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Measuring Outcomes in Income

Measuring Outcomes in Income

Inside Higher Ed

Liam Knox
May 4, 2023
With the public increasingly skeptical of the value of higher education, new data show STEM majors still get the most lucrative jobs. Critics say future earnings aren’t all students care about.
New data from the Department of Education’s College Scorecard show that tech and STEM majors still vastly outpace liberal arts and humanities majors in terms of future earnings.
The data, released April 27, compare the relative earnings of graduates of more than 36,000 different programs across institutional sectors, from community colleges to for-profit institutions. Computer science programs made up 16 of the top 20 slots on the list, and all but five of the top 100 programs were in STEM fields; the others were in finance or economics, with the exception of Carnegie Mellon University’s Design and Applied Arts program, which came in at 96.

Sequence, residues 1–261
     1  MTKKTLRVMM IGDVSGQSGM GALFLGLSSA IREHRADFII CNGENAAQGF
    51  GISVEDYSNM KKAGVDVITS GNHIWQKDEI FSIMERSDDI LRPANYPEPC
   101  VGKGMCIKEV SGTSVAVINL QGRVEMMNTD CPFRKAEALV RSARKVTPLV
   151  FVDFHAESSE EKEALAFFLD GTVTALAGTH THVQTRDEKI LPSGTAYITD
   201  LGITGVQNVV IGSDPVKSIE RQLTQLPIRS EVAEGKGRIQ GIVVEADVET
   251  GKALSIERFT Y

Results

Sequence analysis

Computer science programs at elite universities like Harvard University and the California Institute of Technology earned the top five spots for four-year degrees, with graduates earning average salaries of over $240,000 four years after receiving their diplomas. The five lowest-earning bachelor’s programs included health-care programs at universities in the Caribbean and Puerto Rico, a music degree from Brigham Young University, and the Fine and Studio Arts program at the California Institute of the Arts, whose graduates make a median of $13,336 a year.
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